"And first it declares that this synod, legally assembled—is a—general council, and  represents the Catholic Church militant and has its au­thority directly from Christ; and everybody, of whatever rank or dignity, including also the pope, is bound to obey this council in those things which pertain to the faith, to the end­ing of this schism, and to a general reforma­tion of the church in its head and members."

Due punishments were to be administered to those who disobeyed the council, including the pope. This council demanded a reform in the church. Eighteen propositions were brought before the council, two of which we here mention: The demand was made "that all nations should have an equal representation in the College of Cardinals." "The pope must confirm the election of all bishops, abbots," etc.'

Pope Martin V, elected by the council, con­firmed it, called another council in Basel, which in turn confirmed the Council of Con­stance. The pope died the year of the council (1431), and was succeeded by Eugenius IV, who sent a brief from Rome in November, 1433, in which he confirmed the decrees of Basel and Constance. But a reaction soon set in against these councils. Eugenius began negotiations with the Eastern emperor, and succeeded in calling a general council in Florence, 1439 A. D. At this council the emperor of the East was present. The vicars of the patriarchs of Alexandria, Antioch, and Jerusalem were there, nineteen archbishops and bishops personally or by their proctors. The great dignitaries of the church in Constantinople were there; the head of the Imperial Monastery and four abbots represented the East. The result was that a union of the East and the West was once more effected. The council published a decree in which the Roman pontiff was proclaimed to hold the primacy of the whole world as the successor of St. Peter. The Greek bishops—except Mark of Ephesus—accepted the primacy of the Roman pontiff. When the Greeks re­turned home, the people and the monks re­pudiated them, hence the union was only ephemeral.' In the struggle for supremacy between the general councils and the popes, the popes came out victorious. In the bosom of the Roman Catholic Church was a large party composed of cardinals, bishops, clergy, and influential laity, who demanded a reform in the church, from the pope down. The decrees of the coun­cils of. Pisa, Constance, and Basel were the expressions of this party, and France began the reformation by calling a national council or synod at Bourges, which was summoned by the king. It was held in the year 1438. The result of that synod was the Pragmatic Sanc­tion which, in the main, upheld the Council of Basel. It limited the decisions of the general councils to the approval of the national synods, thus virtually placing the national synod above the council, which was a death blow in reality to the supremacy of the Papacy, as expressed  in a general council.'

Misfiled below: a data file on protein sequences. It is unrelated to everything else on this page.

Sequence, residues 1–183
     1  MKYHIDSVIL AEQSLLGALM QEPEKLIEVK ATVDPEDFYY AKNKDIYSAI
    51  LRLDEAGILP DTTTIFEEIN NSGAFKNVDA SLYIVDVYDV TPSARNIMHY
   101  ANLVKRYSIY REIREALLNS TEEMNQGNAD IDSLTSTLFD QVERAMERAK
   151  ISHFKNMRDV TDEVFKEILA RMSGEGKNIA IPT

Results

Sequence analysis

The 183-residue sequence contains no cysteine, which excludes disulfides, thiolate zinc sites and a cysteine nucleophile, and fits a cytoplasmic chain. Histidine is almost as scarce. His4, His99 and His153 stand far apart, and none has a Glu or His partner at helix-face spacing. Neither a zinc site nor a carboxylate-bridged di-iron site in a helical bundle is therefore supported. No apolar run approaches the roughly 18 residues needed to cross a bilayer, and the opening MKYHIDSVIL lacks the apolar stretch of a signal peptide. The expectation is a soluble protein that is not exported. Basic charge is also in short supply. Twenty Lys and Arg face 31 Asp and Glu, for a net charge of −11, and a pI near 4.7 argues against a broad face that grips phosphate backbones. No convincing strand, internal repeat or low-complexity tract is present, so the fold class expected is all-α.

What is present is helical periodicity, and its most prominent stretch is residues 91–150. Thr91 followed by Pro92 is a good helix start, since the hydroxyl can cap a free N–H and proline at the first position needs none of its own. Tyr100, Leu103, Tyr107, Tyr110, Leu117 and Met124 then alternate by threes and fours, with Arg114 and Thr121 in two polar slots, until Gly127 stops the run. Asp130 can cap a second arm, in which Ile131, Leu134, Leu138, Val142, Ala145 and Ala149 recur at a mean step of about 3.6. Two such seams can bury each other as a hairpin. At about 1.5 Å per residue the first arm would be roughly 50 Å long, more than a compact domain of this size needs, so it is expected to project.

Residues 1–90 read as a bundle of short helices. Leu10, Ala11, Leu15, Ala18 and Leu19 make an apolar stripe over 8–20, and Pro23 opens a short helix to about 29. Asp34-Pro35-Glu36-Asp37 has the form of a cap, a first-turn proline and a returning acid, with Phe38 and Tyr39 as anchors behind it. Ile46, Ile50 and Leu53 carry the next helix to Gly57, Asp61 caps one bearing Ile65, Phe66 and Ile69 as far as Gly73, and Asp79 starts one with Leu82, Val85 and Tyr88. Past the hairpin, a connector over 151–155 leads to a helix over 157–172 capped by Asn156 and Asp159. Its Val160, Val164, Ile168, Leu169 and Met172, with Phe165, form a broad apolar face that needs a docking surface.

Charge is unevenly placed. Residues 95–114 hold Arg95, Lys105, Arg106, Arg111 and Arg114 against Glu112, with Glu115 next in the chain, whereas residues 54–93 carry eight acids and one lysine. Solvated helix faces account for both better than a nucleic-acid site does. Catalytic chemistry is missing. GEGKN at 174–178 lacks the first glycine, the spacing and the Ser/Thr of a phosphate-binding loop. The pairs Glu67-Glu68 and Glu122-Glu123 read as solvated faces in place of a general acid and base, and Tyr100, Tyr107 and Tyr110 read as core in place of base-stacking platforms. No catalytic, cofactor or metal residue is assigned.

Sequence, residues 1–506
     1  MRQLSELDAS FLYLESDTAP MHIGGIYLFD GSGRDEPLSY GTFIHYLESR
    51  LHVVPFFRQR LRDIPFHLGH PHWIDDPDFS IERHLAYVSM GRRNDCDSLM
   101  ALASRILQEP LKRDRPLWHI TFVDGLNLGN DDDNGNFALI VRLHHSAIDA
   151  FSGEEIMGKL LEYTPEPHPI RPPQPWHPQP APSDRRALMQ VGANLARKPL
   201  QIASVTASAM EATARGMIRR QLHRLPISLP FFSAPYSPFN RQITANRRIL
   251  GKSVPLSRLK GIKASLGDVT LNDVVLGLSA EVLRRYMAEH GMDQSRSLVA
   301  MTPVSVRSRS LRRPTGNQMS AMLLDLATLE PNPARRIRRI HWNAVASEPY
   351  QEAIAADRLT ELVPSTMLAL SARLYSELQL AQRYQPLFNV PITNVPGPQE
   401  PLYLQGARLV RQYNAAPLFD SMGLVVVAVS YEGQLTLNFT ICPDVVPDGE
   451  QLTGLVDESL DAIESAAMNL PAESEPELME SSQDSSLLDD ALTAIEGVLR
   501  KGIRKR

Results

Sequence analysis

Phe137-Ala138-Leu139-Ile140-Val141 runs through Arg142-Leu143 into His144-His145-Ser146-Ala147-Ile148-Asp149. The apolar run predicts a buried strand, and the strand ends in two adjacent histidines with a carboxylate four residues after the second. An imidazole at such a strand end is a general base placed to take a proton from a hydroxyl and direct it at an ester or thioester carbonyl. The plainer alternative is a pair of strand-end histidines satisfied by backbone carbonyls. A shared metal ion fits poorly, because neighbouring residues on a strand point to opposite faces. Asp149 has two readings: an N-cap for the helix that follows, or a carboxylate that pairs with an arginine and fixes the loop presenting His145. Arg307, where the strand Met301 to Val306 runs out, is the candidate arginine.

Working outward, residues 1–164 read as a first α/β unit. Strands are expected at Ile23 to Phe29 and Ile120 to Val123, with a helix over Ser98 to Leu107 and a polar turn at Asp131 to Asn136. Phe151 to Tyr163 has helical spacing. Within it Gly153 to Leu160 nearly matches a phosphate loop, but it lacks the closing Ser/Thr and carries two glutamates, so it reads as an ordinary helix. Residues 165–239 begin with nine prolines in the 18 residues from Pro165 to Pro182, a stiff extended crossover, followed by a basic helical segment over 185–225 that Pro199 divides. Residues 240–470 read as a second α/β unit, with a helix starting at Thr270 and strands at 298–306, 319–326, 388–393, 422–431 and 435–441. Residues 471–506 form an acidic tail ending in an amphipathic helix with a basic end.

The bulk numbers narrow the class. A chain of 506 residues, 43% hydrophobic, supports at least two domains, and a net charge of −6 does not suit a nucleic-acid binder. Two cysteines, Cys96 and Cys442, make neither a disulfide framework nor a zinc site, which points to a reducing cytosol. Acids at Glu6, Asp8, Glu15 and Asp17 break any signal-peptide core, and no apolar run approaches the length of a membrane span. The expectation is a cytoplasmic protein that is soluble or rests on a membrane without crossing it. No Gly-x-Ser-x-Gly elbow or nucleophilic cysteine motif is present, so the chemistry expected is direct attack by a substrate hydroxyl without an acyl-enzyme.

The popes were not slow to see that should the sentiments of the Pragmatic Sanction and the decrees of the general councils become a reality, they would be shorn of autocratic power. hence Pius II issued a bull, named "Ex­ecrabilis," which condemned the appeals to a general council. It reads in part as follows:

"The execrable and hitherto unknown abuse has grown up in our day, that certain persons, imbued with the spirit of rebellion, and not from a desire to secure a better judgment, but to escape the punishment of some offense which they have committed, presume to appeal from the pope to a future council, in spite of the fact that the pope is the vicar of Jesus Christ, and to him, in the person of St. Peter, the following was said: 'Feed My sheep' [John 21:16] and 'Whatsoever thou shalt bind on earth shall be bound in heaven.' [Matt. 16:18.] Wishing therefore to expel this pestiferous poison from the church of Christ and to care for the sal­vation of the flock entrusted to us, . . we condemn all such appeals and prohibit them as erroneous and detestable."'

This bull was issued in the year 1459 A. n., and was a direct challenge to the authority of the general councils. The controversy lasted for over four hundred years, until the year 1870, when the infallibility decree was passed by the Vatican Council with over five hundred bishops voting for it and two against it. This infallibility decree marked the substitute pro­vision for the general councils which had here­tofore been the authority in the church and empire in the field of religious legislation.

At the issuing of this bull, "Execrabilis," Europe was seething with dissension in the church and the state. The late Hussite War, the burning of Huss, the progress of the Eng­lish reformation, the awakening of the liberty-loving French people, the host of friars ped­dling indulgences throughout the country, the cruel Inquisition, the corrupt court of Rome, the inflexible stand by the popes and the Ro­man Curia that there should be no Catholic reformation,—these were a few of the factors that brought about the Protestant Reforma­tion headed by Martin Luther. Then came the counter reformation and the Council of Trent; then the Thirty Years' War and the Peace of Westphalia, 1648 A. D., whence our modern church history begins; then the evan­gelical church period; then the French Revolu­tion and the end of papal supremacy in Europe in the year 1798, at the close of the 1260-year prophecy of Daniel 7:25.

Washington, D. C.

1 Milman, "Latin Christianity," Vol. V, pp. 55, 56.

2 Id., p. 58.

3 Neander, "Church History," Vol. IX, pp. 120-142.

4 Mcsheim, "Church History," Vol. II, pp. 321, 322, Murdock-Soames-Stubbs edition.

5 Thatcher and McNeal, "A Source Book for Medi­eval History." p. 329.

6 Id., pp. 330, 331.

7Milman, Vol. VIII, pp. 38-52 ; Lagarde, "The Latin Church in the Middle Ages," pp. 514, 515 (In­ternational Theological Library Series). Scribner's, New York, 1915.

8 Milman, Id., pp. 34-36.

9 Thatcher and McNeal, p. 332.


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BY N. J. WALDORF

April 1935